Prevention of Money Laundering Act

Tarsem Lal v Directorate of Enforcement: Supreme Court further clarifies PMLA framework

OVERVIEW:

Through a series of recent judgements, the Hon’ble Supreme Court has outlined limits to the Directorate of Enforcement’s (“ED”) powers under the Prevention of Money Laundering Act, 2002 (“PMLA”). Resultantly, issues that were rather ambiguous are now a lot clearer.Continue Reading Tarsem Lal v Directorate of Enforcement: Supreme Court further clarifies PMLA framework

Arrests under PMLA: Arrest first, reasons to follow?

INTRODUCTION

Vide order dated March 20, 2024, the Hon’ble Supreme Court of India rejected a petition[1] preferred by the Union of India, seeking a review of the judgement passed in Pankaj Bansal v Union of India[2](“Pankaj Bansal”), wherein it was held that it was mandatory for the Directorate of Enforcement (“ED”) to provide written ‘reasons for arrest’ to a person arrested under the provisions of the Prevention of Money Laundering Act, 2002 (“PMLA”).Continue Reading Arrests under PMLA: Arrest first, reasons to follow?

Section 120B of IPC cannot be treated as a standalone offence to attract prosecution under PMLA: Supreme Court

INTRODUCTION

In a recent judgement of Pavana Dibbur v. The Directorate of Enforcement[1], the Hon’ble Supreme Court has held that the offence of criminal conspiracy punishable under Section 120B of the Indian Penal Code, 1860 (“IPC”), will be attributed as a scheduled offence under the Prevention of Money Laundering Act, 2002 (“PMLA / Act”), only if the alleged criminal conspiracy is associated with committing of a scheduled offence, i.e. an offence specifically included in the Schedule to the PMLA. The Hon’ble Court held that if the offence of alleged criminal conspiracy is related to any other offence, which does not form a part of the Schedule to the PMLA, then the alleged criminal conspiracy by itself shall not be considered as a “scheduled offence” under the regime of the PMLA and hence, no person can be held liable and be prosecuted for it.[2]Continue Reading Section 120B of IPC cannot be treated as a standalone offence to attract prosecution under PMLA: Supreme Court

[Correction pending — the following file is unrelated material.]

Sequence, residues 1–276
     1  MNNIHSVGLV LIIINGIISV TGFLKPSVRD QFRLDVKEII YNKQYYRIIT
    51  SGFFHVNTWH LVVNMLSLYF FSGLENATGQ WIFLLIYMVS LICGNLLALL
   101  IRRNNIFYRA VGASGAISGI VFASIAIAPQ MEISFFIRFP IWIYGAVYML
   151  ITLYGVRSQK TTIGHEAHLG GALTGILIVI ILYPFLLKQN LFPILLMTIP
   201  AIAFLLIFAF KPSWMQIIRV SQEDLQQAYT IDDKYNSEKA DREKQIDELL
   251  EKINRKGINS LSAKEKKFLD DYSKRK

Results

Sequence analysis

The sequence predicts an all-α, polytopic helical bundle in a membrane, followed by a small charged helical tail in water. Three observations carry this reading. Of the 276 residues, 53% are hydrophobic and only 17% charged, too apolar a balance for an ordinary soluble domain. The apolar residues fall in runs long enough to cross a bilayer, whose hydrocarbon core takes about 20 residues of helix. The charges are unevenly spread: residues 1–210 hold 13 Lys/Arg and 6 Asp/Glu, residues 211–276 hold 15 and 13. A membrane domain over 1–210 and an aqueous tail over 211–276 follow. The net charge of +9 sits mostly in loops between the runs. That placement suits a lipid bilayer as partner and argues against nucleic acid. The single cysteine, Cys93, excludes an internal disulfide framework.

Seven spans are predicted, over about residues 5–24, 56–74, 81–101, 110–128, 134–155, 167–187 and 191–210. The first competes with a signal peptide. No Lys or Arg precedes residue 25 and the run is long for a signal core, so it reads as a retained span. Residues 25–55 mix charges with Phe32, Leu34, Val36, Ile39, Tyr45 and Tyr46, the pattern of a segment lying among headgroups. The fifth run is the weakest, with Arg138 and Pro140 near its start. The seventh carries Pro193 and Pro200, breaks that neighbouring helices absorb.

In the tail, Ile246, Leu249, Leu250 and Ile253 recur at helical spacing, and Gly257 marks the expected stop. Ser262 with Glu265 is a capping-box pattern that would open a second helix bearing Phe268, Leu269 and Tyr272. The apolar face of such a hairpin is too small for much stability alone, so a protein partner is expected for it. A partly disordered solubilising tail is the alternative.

Ensuring Transparency: The Imperative of Mandatory Furnishing of Written Grounds of Arrest by the Enforcement Directorate

Background:

In the realm of law enforcement, transparency and accountability are indispensable pillars upholding the democratic values of a society. The Directorate of Enforcement (“ED”), tasked with investigating and prosecuting economic offenses, plays a vital role in maintaining financial integrity. However, concerns surrounding the lack of transparency in some of the arrests made by the ED have been raised.Continue Reading Ensuring Transparency: The Imperative of Mandatory Furnishing of Written Grounds of Arrest by the Enforcement Directorate